Written January 13, 2013
Felt like this was filmed in real time....Sooooooooo loooong, and only action is at the very beginning and the very end. About an hour and a half in the middle where nothing is going on with a bunch of people you don't know enough to care about. Good movie from a technical perspective. But ho-hummmmmm,
Written August 23, 2014
I dont get the uber positive reviews - this movie is long-drawn (2 hrs 37 minutes), and during that time the movie never really peaks. There's been a lot of fuzz about the interrigation methods etc, but honestly, none of what you will see in the movie is shocking...
I get that its an interesting piece historically - but move wise, its an absolutely waste of time.
Written December 21, 2012
Zero Dark Thirty proves that good movies closely related to actual events can be made. It is great to finally see a movie about the CIA in which the the members of the CIA are the good guys. These good guys work in the shadows we never see. The interrogation scenes are brutal and may not be for everyone, especially the young. The scenes are necessary to understand the events leading to the killing of OBL. It is a serious movie for serious people. The movie kept me fascinated and interested even though I knew the outcome. It has a great cast with outstanding writing and directing. Best movie this year for me.
Written August 22, 2014
Excellent story on the research and time to find bin Laden - particularly since it was one woman who drove a nebulous lead. Good reminder too of all the strikes that continued to happen around the world - London and again in NYC. I actually will see it again to pick up on anything I might have missed. Although the movie is long, it's very captivating to see how the CIA works (assuming the movie is somewhat accurate).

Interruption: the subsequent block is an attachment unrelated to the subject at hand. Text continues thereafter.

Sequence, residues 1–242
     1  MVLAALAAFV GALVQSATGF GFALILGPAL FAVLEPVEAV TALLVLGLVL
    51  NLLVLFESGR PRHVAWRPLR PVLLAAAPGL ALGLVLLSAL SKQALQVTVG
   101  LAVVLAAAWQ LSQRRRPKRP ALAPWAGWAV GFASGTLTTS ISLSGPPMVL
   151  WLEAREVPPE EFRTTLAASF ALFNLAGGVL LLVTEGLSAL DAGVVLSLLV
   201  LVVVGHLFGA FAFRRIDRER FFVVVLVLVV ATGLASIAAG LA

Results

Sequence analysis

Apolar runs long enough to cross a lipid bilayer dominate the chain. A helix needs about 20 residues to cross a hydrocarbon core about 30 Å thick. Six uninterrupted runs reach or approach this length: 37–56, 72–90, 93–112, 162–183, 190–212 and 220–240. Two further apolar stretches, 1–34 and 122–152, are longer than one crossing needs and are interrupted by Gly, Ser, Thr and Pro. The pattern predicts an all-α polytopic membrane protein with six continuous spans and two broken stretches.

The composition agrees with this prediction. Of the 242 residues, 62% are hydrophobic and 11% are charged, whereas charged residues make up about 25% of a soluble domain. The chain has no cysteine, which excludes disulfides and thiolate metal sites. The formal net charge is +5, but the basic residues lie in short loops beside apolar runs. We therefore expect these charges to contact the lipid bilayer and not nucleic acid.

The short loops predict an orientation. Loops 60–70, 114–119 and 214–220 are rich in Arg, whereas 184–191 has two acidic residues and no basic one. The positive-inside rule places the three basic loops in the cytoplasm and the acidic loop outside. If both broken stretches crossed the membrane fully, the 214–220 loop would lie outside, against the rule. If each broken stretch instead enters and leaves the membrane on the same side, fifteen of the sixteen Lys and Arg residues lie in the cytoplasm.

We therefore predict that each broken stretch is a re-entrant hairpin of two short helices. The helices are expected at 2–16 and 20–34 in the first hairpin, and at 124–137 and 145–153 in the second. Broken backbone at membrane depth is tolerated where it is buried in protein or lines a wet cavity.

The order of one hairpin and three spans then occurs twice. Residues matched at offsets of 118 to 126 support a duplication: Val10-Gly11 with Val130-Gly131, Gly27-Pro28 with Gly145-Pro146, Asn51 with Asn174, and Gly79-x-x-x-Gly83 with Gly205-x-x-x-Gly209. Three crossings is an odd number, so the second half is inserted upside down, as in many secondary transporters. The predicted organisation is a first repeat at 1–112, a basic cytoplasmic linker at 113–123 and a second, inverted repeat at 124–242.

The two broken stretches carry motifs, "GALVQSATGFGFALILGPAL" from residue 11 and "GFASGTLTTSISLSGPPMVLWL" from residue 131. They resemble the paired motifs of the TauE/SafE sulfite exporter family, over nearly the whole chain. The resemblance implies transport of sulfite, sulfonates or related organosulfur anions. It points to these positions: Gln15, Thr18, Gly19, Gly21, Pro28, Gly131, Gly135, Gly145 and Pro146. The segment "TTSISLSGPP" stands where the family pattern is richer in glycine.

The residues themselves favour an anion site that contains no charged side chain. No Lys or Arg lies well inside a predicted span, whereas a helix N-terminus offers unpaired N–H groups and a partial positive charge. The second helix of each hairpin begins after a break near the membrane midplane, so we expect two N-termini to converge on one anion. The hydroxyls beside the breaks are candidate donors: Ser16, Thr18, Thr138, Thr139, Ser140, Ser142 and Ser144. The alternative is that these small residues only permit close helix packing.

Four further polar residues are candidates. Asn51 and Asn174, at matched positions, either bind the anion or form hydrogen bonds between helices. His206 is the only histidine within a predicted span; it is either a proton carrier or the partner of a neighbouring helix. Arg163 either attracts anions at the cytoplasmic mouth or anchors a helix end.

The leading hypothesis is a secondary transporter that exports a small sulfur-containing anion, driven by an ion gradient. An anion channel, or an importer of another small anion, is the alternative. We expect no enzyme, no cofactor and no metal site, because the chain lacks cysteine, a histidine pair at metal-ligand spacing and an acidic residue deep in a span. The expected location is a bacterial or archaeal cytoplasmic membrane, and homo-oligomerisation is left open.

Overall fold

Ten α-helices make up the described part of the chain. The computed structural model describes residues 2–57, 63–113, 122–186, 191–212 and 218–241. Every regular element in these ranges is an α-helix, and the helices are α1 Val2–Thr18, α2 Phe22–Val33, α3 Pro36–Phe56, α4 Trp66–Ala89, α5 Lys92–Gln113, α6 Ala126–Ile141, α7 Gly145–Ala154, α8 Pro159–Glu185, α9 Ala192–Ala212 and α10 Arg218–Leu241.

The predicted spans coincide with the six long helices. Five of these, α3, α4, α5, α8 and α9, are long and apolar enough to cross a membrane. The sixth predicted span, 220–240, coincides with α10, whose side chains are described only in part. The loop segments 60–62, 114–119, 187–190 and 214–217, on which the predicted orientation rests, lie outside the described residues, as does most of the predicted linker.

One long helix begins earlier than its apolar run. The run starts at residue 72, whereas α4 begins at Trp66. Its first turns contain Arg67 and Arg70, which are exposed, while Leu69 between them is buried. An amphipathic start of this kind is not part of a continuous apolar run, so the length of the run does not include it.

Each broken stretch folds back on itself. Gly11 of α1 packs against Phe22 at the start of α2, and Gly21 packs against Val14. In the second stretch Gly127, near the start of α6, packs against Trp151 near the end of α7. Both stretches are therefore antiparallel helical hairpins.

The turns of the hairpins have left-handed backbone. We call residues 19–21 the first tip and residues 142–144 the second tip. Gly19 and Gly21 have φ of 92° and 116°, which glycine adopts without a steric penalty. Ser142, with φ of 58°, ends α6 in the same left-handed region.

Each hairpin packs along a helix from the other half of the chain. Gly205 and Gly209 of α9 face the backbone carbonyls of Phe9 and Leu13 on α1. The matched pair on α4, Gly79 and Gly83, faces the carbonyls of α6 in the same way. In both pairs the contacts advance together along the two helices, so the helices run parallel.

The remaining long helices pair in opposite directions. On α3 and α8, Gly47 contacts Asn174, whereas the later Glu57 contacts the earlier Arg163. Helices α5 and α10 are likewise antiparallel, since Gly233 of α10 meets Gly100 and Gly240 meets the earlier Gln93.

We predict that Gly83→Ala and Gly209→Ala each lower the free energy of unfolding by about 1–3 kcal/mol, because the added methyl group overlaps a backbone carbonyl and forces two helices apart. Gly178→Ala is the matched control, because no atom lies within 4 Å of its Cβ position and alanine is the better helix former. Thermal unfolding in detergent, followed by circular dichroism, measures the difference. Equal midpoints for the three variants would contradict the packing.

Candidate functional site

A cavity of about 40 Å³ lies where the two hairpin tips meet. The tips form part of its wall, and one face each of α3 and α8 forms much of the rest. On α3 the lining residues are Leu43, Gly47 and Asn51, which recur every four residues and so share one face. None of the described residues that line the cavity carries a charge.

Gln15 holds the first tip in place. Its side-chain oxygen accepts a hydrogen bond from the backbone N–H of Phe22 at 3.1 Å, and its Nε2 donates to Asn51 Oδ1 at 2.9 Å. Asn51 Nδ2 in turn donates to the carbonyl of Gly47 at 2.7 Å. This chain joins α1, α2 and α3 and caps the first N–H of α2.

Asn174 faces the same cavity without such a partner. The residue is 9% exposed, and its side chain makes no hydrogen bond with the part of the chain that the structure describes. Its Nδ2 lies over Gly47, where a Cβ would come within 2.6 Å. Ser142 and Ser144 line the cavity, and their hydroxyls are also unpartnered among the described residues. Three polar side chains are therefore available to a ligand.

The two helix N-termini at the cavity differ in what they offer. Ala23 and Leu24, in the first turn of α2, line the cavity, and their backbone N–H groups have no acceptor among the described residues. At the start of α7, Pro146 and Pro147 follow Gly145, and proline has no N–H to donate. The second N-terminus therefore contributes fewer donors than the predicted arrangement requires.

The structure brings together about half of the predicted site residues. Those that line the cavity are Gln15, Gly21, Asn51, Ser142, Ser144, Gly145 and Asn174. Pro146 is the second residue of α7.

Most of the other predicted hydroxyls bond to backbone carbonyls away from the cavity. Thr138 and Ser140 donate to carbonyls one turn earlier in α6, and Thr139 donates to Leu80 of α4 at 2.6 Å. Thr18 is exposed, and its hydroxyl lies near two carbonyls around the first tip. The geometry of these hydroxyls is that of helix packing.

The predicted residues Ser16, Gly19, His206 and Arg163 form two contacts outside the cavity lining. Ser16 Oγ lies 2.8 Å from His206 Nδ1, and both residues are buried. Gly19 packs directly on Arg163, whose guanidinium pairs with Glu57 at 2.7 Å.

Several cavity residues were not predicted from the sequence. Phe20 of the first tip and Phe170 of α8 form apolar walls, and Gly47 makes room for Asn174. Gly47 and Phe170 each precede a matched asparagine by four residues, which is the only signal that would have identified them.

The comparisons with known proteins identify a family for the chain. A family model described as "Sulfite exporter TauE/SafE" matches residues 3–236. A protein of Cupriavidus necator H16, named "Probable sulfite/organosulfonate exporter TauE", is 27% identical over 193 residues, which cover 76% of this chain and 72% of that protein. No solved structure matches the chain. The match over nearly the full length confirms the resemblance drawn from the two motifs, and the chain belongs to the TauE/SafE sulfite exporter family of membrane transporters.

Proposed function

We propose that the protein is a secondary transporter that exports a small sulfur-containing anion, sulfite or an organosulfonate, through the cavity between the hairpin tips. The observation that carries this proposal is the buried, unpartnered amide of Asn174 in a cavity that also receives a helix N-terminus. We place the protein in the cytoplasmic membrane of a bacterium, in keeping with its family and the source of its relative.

Written September 17, 2014
I enjoyed the film, though, as usual in theaters, I had difficulty understanding the dialog. The special effects and sets were magnificent and realistic, and the story moved along quickly.
The initial interrogation scenes "impressed" me, as how these issues are treated nowadays has changed 180 degrees since I was a boy. Growing up post WWII it was common cultural truth that Americans didn't do bad things to anybody; even the bad guys were treated kindly. Now, reality has displaced that fond illusion. We're in the pit fighting for survival using any resource at hand, just like everybody else.
I found myself strangely dispassionate about such cruel treatment; perhaps this is an indication of emotional overload in a culture where it seems just about any movie is about aberration and violence of some kind, magnified by colossal special effects. Have I lost my compassion? Maybe I'm just tired of the stuff. Maybe the novelty has worn off.